If you have diabetes, healthy snacks are particularly important – so don’t fall prey to the allure of chips just yet.
First, think about whether you really need a snack. Just because you have diabetes doesn’t mean you need to snack regularly. “It really depends on the individual and their typical meal pattern and physical activity routine,” says registered dietitian and certified diabetes educator Alison Massey, who is director of diabetes education for Mercy Medical Center in Baltimore.
Just who may benefit from a snack? “For individuals who have long periods of time between meals that exceed four to five hours, they may need a snack to reduce the risk of hypoglycemia,” Massey says. Similarly, someone who is very active may need a snack before or after exercise.
Still, “I prefer that individuals don’t feel that they absolutely must snack, especially if they aren’t hungry,” she says.
Brenda Braslow, a registered dietitian and certified diabetes educator in Denver, has also observed patients, especially those on insulin, who eat frequently because they are afraid of hypoglycemia, or low blood sugar. But snacking is not necessarily the answer. “That person needs to talk with their health care provider to make an adjustment of medication to prevent [blood sugar] lows,” she says.
At the same time, for the right person, snacking can help prevent dangerous blood sugar lows.
If snacking is the right option for you right now, then look for snacks that combine quality carbohydrates with protein, recommends clinical dietitian Ashley Wilson of Mount Sinai Medical Center in Miami Beach, Florida.
Braslow agrees. “Adding a protein or fat to the carb helps to sustain the blood glucose and can increase satiety, carrying the person longer to the next meal,” she explains.
Keep your snack’s carb count relatively low – somewhere between 15 to 25. Here are a few snack ideas that fill you up without sending your blood sugar into a spiral:
1. Nuts and seeds.
“These are a favorite of mine to recommend because they are low in carbohydrates per serving and very satisfying, providing a combination of protein, healthy fat and fiber,” Massey says.
2.Cheese and Yogurt:
An ounce of cheese with whole grain crackers or plain yogurt or cottage cheese with fresh fruit. These ideas offer both protein and calcium, Massey says.
3. Apple and Nut Butter
A small apple with 1 tablespoon of nut butter. “I advise people to experiment with snack choices,” Braslow says. Notice if adding that tablespoon of nut butter helps you feel full longer than just the apple itself.
4. Three cups of popcorn sprinkled with a tablespoon of Parmesan cheese.
5. Blueberries and Cottage Cheese:
One cup of blueberries with a dollop of 2 tablespoons of cottage cheese, a half teaspoon of raw sugar and a sprinkle of cinnamon.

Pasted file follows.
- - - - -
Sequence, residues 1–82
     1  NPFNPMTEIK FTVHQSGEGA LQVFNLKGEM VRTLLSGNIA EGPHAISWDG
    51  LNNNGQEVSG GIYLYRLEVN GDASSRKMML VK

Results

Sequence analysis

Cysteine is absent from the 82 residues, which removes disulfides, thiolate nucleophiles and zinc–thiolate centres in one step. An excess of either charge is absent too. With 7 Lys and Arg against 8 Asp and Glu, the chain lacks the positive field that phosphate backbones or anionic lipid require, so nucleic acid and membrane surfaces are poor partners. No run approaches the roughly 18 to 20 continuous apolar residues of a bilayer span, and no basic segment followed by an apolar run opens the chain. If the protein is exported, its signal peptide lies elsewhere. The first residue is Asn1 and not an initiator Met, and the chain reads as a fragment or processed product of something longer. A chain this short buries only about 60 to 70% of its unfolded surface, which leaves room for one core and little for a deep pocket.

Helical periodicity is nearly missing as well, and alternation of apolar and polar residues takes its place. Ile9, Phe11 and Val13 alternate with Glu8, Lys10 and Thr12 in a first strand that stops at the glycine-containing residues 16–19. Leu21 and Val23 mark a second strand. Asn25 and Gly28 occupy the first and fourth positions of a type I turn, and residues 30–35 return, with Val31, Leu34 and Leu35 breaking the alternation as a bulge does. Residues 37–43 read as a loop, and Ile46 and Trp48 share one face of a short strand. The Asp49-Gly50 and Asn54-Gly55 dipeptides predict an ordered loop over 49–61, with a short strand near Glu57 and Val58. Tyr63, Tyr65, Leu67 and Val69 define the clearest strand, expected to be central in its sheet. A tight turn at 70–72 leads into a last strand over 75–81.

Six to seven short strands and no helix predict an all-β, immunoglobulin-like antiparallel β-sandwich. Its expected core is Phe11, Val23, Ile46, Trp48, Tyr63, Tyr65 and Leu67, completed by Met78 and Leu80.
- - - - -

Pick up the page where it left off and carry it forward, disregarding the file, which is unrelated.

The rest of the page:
6. Tomato, Celery and Cucumber:
Ten grapes, one cup of tomatoes, celery and cucumber slices with one tablespoon of hummus.
7. Yogurt and Berries
Unsweetened Greek yogurt with a few berries. Berries are a low-carb fruit, Wilson says.
If you want to add more volume to your snacks, Braslow suggests adding “filler” vegetables like tomatoes, celery or cucumber slices. And if you need to add a protein source, add a hard-boiled egg, as Wilson suggests.
As you plan your next snack, follow these suggestions to avoid common snacking mistakes seen by registered dietitians:
Have a ready-made snack with you. “Don’t get stuck running errands and feeling your glucose level drop with no snack around. I advise people to carry a portioned snack with them, like a granola bar or a snack bag of crackers and nuts,” Braslow says. Some people will have shakes or snack bars made for people with diabetes as their ready-to-go snack. Although Wilson isn’t opposed to this, she does recommend reading the label before you buy to make sure the product isn’t loaded with carbs or sugar.
Avoid snacks that are too high in carbs or calories. “Snacks that are very high in carbohydrates can elevate blood glucose levels too much before the next meal, especially for individuals with Type 2 diabetes that may not be taking insulin to ‘cover’ those snack occasions,” Massey says. She also advises people who are not extremely active to stick to snacks of less than 150 calories.
Stick to one serving instead of eating mindlessly. “When you don’t portion out your food serving, you have no idea how much you are eating,” Braslow says. “Don’t set yourself up by keeping a box of crackers in your desk drawer or a large bag of trail mix in the car.” It’s just way too easy to underestimate what you eat. Instead, check the serving size in advance and find small bowls or snack bags to portion snacks.
Don’t skip your meals. Skipping meals, especially when you use certain diabetes medications, can be especially dangerous, Wilson says. It could also set you up for mindless snacking later, which you want to avoid.
Vary your snacks. If you eat the same apple every day, it’s only natural that you may sneak over to the vending machine to see what else is there. “Mix it up to keep it appealing,” Braslow recommends.